He made one simple mistake, but it was a big one and enough for him to get caught. Times were tough for Fire Captain Jerry Brown, tough enough to twist him into a life of crime. The public servant decided to rob almost $320,000 from two local banks.
One simple mistake
One of Tulsa, Oklahoma’s fire department Captains is behind bars after police report that he robbed two banks in the vicinity, making off with around $320,000 total from both jobs. Captain Jerry Brown was on the fire force since 2002.
“If I had somebody call me and say your client, Jerry Brown, just saved a family from a burning house, I would have said, yes, that’s what he does. He’s that guy.” When he’s not robbing banks, Brown “coached his kids in sports, he’s been on various community civic projects.” The point the attorney is trying to make is, “this is totally out of character for him. This doesn’t fit his profile.”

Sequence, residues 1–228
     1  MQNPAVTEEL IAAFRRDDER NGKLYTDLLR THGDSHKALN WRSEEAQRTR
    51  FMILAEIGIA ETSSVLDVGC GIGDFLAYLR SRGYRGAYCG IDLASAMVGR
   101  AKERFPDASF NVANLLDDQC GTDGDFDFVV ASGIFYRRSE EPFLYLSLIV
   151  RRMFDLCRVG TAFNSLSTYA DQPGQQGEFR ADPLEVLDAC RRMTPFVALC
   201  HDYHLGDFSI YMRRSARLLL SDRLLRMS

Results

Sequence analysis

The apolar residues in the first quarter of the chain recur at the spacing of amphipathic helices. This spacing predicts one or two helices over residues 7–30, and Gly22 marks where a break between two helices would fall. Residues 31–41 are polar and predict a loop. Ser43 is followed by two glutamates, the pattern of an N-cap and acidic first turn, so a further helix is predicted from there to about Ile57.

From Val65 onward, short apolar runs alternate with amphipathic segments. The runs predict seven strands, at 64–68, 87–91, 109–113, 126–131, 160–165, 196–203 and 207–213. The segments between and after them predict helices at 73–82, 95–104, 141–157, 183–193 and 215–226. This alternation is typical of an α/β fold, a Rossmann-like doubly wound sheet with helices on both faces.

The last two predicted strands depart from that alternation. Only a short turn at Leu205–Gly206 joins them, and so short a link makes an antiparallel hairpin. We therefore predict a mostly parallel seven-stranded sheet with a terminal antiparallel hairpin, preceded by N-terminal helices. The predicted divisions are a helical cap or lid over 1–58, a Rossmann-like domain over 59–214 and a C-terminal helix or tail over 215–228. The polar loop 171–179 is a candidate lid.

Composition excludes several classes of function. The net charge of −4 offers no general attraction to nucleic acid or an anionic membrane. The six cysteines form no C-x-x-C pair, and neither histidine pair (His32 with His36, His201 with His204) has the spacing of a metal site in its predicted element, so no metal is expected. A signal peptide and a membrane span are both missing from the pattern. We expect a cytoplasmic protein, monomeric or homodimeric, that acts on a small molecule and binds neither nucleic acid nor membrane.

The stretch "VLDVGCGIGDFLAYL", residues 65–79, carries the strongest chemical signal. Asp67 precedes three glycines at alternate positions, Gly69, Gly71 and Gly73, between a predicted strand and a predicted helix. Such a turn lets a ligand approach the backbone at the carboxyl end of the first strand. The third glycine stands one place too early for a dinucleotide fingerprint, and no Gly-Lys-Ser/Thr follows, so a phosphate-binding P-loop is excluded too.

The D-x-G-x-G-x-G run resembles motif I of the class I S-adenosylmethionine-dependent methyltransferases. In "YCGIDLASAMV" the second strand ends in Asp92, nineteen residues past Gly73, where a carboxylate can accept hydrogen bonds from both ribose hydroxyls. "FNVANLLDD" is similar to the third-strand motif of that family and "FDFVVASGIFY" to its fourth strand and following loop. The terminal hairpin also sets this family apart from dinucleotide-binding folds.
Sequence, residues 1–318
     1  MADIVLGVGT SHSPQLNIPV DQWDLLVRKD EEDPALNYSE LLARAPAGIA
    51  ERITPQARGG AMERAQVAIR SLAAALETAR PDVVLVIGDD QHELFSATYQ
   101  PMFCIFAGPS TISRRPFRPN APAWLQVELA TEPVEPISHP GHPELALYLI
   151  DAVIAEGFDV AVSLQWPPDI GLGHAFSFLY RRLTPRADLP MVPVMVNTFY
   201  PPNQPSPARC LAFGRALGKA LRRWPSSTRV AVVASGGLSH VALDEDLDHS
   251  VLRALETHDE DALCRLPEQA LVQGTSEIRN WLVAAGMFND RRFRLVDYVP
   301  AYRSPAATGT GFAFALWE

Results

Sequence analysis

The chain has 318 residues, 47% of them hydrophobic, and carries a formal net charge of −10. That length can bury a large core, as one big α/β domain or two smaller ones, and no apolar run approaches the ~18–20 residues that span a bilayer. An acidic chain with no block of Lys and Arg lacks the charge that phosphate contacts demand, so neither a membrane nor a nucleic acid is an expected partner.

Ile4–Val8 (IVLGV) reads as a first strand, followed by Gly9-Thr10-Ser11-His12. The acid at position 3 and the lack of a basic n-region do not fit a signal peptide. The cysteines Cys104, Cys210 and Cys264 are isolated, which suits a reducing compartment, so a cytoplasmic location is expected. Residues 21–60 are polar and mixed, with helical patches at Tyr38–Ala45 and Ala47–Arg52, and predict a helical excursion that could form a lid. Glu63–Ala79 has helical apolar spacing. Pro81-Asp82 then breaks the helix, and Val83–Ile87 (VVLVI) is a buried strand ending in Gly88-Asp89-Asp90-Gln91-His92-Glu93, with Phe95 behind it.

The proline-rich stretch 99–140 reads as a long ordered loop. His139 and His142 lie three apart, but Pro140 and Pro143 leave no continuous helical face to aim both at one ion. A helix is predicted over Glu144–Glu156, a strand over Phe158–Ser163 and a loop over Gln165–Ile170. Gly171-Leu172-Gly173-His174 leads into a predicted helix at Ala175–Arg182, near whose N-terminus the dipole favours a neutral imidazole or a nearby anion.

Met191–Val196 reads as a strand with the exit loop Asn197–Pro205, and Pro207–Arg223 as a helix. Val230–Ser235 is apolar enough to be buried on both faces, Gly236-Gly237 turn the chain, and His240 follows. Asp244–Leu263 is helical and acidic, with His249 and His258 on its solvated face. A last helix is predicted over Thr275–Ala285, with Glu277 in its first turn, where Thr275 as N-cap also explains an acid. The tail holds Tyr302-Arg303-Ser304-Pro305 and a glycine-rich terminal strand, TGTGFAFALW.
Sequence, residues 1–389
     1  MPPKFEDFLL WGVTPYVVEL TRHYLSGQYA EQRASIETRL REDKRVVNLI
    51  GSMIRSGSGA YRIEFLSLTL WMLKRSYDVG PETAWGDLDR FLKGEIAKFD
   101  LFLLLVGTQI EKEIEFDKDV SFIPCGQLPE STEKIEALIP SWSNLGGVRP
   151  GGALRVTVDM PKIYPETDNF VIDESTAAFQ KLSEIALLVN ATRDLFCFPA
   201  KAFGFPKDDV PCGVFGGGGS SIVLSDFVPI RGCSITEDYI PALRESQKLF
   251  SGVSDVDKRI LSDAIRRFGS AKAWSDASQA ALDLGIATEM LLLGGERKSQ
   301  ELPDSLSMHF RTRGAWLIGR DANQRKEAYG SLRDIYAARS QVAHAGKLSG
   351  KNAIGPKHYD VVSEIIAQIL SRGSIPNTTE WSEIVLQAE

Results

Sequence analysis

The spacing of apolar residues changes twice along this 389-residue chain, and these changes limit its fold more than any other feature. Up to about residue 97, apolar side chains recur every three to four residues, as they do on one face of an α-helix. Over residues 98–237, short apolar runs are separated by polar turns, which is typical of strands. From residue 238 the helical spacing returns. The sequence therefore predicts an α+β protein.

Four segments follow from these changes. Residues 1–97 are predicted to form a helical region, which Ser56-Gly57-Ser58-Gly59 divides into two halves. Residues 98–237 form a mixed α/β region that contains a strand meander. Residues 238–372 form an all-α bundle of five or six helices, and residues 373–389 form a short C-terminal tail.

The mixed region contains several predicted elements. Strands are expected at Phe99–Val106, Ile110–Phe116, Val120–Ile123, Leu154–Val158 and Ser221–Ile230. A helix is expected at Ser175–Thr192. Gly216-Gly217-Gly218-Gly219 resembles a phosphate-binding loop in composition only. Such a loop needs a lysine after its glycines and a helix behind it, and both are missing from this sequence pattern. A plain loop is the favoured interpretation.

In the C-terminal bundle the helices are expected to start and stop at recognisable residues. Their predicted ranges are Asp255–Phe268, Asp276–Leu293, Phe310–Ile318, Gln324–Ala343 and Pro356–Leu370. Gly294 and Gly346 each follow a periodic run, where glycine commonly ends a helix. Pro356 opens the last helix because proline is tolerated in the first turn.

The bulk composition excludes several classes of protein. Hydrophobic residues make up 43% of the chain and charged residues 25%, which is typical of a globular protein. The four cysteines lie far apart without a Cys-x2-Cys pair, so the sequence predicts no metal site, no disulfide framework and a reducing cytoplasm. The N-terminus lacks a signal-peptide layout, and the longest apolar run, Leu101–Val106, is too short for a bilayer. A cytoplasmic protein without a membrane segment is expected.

The idea of the fire captain pulling a bank heist may not fit his psychological profile but that isn’t the profile that matters in this case. Brown’s biggest mistake was robbing a branch which knows him as a customer. Brown allegedly robbed his first bank in March. Brown walked into the Oklahoma Capital Bank in Skiatook on March 12. One of the employees recognized him as a regular customer from “the way he walked and his muscular build.”
It went so well he did it again
Brown was totally unaware he had already been identified and things had gone so smoothly the first time that he decided to do it again in May. Affidavits relate that On May 7, the Exchange Bank in Sperry was held up. Another mistake Brown made was wearing the same outfit in both stick-ups.
Witnesses for both robberies report “the suspect wore khaki pants, black gloves with a yellow logo, and used a black backpack to collect the money.” Brown was rounded up in the parking lot at his firehouse on Monday without incident. He was released two days later on $50,000 bond. According to his lawyer, he won’t be arraigned on the charges until next month, on June 18.
The whole town is shocked. Obviously, the Tulsa Fire Department immediately put him on administrative leave. “We expect our employees to act in a manner that continuously builds upon public trust we have worked so hard to obtain,” they note in a statement.